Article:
Au. sediba has a flatter, less projecting face, no nuchal crest, and some more gracile features… the body size and length of the arms are typical of australopithecines, as is the pelvis in general, although it also has certain modern traits…
sediba has numerous functional systems similar to those of Homo, making it a candidate [for] ancestor of Homo.
There are some complications as to dating of the species, with overlap of Homo erectus. Also, the brain size is very small at 420cc. (Average Chimpanzee is 350cc). So, it is premature to declare Sediba on the Homo line. However, the announcement today by Berger & Team lead us further down that path.
From the Press Release, University of Witwatersand, Johannesburg, Nov. 23, 2021,
Ancient human relative, Australopithecus sediba, “walked like a human, but climbed like an ape”
An international team of scientists from New York University, the University of the Witwatersrand and 15 other institutions announced today in the open access journal e-Life, the discovery of two-million-year-old fossil vertebrae from an extinct species of ancient human relative.
The recovery of new lumbar vertebrae from the lower back of a single individual of the human relative, Australopithecus sediba, and portions of other vertebrae of the same female from Malapa, South Africa, together with previously discovered vertebrae, form one of the most complete lower backs ever discovered in the early hominid record and give insight into how this ancient human relative walked and climbed.
The fossils were discovered in 2015 during excavations of a mining trackway running next to the site of Malapa in the Cradle of Humankind World Heritage Site, just Northwest of Johannesburg South Africa.
Fossils from the site have been dated to approximately two million years before present. The vertebrae described in the present study were recovered in a consolidated cement-like rock, known as breccia, in near articulation.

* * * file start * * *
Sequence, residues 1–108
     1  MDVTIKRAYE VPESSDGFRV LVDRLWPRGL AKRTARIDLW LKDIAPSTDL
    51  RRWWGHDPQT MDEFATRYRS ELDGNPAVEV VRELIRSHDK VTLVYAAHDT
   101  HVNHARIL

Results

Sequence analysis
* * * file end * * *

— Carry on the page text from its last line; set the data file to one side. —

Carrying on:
The Team dubbed her Issa, meaning protector in Swahili.
“While Issa was already one of the most complete skeletons of an ancient hominin ever discovered, these vertebrae practically complete the lower back and make Issa’s lumbar region a contender for not only the best-preserved hominin lower back ever discovered, but also probably the best preserved,” says Berger, who is an author on the study and leader of the Malapa project. He adds that this combination of completeness and preservation gave the team an unprecedented look at the anatomy of the lower back of the species.
The study concludes that sediba is a transitional form of ancient human relative and its spine is clearly intermediate in shape between those of modern humans (and Neandertals) and great apes.
Berger set his announcement for 3pm Johannesburg time. Around 3 hours prior to the release, one of his fans Tweeted him an unflattering photo of Georgia Republican Congresswoman Marjorie Taylor-Greene along with a snark. Berger Re-Tweeted it to his 16,000 Followers worldwide. Subspeciest.com was able to screen grab the Tweet with help from a member of the Gab social media platform.
It read: “Another sneak peak”